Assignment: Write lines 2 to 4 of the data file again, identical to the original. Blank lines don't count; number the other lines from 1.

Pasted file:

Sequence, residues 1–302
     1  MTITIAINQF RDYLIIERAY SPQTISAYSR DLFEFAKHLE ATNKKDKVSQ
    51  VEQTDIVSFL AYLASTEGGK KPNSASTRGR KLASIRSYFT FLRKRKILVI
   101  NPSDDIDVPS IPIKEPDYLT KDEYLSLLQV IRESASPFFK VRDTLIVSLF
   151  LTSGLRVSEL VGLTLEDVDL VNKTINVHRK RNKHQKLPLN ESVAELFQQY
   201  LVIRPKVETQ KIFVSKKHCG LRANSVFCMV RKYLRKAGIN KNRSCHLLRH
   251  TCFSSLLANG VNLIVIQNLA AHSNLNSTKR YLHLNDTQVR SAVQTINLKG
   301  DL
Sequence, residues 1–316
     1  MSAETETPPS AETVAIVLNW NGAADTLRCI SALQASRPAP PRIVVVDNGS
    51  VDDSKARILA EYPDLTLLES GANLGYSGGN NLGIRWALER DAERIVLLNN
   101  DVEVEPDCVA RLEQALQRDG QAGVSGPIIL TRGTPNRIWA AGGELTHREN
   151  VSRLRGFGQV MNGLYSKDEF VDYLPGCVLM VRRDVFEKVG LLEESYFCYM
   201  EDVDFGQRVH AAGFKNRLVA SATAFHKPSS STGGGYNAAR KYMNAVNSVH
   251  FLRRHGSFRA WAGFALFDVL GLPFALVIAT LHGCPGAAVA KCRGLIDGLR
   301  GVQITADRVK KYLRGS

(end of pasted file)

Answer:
     1  MTITIAINQF RDYLIIERAY SPQTISAYSR DLFEFAKHLE ATNKKDKVSQ
    51  VEQTDIVSFL AYLASTEGGK KPNSASTRGR KLASIRSYFT FLRKRKILVI
   101  NPSDDIDVPS IPIKEPDYLT KDEYLSLLQV IRESASPFFK VRDTLIVSLF